Asked whether he felt nervous holding the briefcase, Bevis chuckles. Back then he was young and mostly fearless. And “probably not smart enough to worry about things like that,” he jokes.

Later he explains that, in his line of work, “you do what you have to do” to keep the public safe. “It’s part of the program.”

“It was there and we wanted to move it, so that was my job,” he said.

He added: “That was a dumb thing to do. They (police) don’t do that now.”

After that day, Bevis didn’t either. At least, not that he recalls.

Bomb on board

In the days after the 1958 blast, investigators learned the bomb had been McCuiston’s companion on as many as five planes, according to The Eagle’s news archives.

Theories spread that he initially intended to set off the explosive in flight but abandoned the idea.

“Authorities believe McCuiston discarded any plans of exploding the bomb in the plane in favor of a deserted corridor in the terminal building,” according to an Oct. 18, 1958, report in The Eagle.

“They believe he first made sure that no one else was in the long corridor connecting the main terminal building with the control tower.”

No one but McCuiston was hurt in the blast. But damage to the airport cost an estimated $5,000 to $7,000 to fix. (Factoring for inflation, that’s between $40,000 and $56,000 in today’s dollars.)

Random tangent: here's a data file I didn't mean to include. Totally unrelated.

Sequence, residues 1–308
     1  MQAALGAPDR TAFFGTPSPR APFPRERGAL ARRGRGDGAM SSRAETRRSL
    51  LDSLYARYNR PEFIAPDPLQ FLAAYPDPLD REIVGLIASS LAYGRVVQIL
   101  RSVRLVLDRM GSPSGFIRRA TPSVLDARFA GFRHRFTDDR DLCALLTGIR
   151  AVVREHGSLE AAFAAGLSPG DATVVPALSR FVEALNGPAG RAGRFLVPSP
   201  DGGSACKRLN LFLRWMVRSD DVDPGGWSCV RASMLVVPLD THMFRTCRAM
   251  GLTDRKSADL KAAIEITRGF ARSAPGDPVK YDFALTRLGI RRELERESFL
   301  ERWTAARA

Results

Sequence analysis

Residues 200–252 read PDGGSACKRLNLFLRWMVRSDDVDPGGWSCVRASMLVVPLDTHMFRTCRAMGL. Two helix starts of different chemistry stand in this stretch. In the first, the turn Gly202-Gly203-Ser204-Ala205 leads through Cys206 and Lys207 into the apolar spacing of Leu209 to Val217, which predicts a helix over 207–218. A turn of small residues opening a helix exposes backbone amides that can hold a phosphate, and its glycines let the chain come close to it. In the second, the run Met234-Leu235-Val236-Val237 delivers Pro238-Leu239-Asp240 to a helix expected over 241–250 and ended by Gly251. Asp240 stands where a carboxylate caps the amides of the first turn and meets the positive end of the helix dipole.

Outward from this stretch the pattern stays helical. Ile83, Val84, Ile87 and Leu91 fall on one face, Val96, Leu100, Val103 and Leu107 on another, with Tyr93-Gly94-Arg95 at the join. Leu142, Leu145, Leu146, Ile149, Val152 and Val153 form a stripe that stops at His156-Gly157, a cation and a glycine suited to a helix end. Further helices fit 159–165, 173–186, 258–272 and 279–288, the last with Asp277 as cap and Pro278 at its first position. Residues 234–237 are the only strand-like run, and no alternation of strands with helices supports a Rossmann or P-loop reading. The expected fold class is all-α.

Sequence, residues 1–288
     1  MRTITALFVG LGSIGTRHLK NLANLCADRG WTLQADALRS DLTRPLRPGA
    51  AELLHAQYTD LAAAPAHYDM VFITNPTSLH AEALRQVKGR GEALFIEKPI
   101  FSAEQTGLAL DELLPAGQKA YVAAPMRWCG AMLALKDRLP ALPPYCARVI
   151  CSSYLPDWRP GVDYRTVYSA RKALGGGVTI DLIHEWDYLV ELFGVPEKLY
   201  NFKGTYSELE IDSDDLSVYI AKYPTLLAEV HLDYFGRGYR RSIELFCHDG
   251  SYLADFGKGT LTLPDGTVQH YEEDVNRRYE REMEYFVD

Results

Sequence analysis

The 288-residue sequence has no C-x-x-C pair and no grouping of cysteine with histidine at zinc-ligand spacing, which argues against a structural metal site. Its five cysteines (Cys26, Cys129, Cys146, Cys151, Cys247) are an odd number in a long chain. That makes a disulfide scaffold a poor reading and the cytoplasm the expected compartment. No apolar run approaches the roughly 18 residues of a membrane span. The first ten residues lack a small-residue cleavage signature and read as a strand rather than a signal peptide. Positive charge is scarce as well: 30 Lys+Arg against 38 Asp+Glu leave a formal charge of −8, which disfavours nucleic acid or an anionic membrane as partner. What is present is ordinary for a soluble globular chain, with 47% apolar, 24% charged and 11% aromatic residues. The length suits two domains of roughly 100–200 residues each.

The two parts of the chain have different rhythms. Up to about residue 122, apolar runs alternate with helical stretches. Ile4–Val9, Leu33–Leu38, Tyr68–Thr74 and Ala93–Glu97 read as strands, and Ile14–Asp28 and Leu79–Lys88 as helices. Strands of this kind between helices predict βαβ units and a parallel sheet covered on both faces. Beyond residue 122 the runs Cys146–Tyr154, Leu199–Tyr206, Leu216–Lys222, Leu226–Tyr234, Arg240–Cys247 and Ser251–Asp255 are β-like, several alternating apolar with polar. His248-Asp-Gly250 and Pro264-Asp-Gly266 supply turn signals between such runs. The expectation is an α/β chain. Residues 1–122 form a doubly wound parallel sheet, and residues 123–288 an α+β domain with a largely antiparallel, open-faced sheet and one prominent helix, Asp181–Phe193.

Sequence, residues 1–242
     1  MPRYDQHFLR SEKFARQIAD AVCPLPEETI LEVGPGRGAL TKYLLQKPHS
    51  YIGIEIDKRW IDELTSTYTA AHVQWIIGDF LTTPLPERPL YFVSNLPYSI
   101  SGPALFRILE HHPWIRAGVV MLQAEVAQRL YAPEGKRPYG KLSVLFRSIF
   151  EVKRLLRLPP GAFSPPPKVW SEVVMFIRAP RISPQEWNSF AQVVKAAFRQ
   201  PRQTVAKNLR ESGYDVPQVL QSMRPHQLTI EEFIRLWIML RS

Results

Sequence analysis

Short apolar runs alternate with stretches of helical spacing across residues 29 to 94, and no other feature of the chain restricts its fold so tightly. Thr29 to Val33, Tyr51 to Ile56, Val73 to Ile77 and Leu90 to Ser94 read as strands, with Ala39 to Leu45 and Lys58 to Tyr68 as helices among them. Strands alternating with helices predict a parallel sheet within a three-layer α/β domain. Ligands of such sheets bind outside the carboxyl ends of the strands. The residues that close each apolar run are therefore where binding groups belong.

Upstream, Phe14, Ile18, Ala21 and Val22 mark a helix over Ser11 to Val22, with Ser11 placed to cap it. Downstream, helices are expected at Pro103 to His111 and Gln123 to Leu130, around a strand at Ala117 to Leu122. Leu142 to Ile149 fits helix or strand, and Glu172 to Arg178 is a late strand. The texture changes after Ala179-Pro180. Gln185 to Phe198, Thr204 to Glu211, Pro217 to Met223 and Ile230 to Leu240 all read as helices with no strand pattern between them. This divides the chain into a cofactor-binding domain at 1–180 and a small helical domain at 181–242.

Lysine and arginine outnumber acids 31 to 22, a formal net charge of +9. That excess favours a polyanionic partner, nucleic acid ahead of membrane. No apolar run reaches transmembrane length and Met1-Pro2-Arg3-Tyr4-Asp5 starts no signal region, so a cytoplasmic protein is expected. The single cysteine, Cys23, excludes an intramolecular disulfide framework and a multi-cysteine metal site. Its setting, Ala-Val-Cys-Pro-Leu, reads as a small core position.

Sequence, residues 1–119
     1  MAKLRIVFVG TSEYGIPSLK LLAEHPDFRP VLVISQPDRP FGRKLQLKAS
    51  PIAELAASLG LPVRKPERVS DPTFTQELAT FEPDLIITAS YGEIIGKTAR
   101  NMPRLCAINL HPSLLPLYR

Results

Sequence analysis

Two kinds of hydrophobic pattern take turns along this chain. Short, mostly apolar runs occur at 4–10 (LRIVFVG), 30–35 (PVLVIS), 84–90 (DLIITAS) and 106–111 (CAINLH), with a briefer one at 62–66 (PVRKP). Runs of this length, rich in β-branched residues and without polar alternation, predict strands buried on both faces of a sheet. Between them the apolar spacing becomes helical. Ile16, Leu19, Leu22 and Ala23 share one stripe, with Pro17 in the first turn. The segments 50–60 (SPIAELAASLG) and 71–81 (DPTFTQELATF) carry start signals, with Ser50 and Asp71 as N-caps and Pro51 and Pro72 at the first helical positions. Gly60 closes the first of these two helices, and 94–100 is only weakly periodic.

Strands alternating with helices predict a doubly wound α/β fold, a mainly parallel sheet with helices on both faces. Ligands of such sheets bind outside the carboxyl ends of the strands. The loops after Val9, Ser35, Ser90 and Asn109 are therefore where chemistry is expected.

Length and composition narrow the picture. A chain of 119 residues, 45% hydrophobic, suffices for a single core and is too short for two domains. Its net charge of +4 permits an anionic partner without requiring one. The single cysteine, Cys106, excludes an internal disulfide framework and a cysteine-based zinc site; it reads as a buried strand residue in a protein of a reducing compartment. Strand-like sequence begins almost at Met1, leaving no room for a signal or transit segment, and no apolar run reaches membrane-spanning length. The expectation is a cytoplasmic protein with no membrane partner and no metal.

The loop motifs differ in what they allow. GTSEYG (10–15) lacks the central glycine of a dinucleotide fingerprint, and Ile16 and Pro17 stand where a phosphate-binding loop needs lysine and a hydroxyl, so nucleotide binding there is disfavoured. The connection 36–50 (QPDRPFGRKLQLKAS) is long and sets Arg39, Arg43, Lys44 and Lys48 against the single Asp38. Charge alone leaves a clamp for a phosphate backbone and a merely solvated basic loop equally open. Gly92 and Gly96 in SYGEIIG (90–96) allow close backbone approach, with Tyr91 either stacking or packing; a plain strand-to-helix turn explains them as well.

Most went toward replacing the large panes of broken window glass.

“There are a few doors to be replaced,” then-Wichita Park Department director Emory Cox told an Eagle reporter in 1958, “but the majority of damage was to glass.”

The day of the bombing, Wichita police canceled a bank robbery training scenario because most officers had been called to the airport.

A few hours later, five policemen went to East High School to investigate a bomb report that turned out to be a hoax.

Newspaper accounts say travelers were shaky but calm after the airport explosion. Several bought maximum coverage insurance policies before boarding their flights.

Memories fade

For Bevis, news of the December airport bombing plot allegedly orchestrated by Loewen sparked no memories of the 1958 explosion, he said.

Details of the older case became more clear once he was prompted.

He’s led a long life, filled with other memories: serving in the Marine Corps (his cat is named Semper Fi); fighting in World War II and Korea; a wife; 10 children; and careers with the Wichita Police Department, Sheriff's Office and the Department of Justice.

He called the 1958 bombing “very sad” but refuses to dwell on it.

“People think I’m a little cold. But I just don’t let things bother me,” Bevis said.

“Any loss of life, you always think that (it’s sad) – when you lose anybody. But of course he (McCuiston) did that to himself. And to be honest with you, I really don’t remember much about it. You do those things, and then you move on. You don’t worry about it because you don’t have any control over it.”

Reach Amy Renee Leiker at 316-268-6644 or aleiker@wichitaeagle.com. Follow her on Twitter: @amyreneeleiker.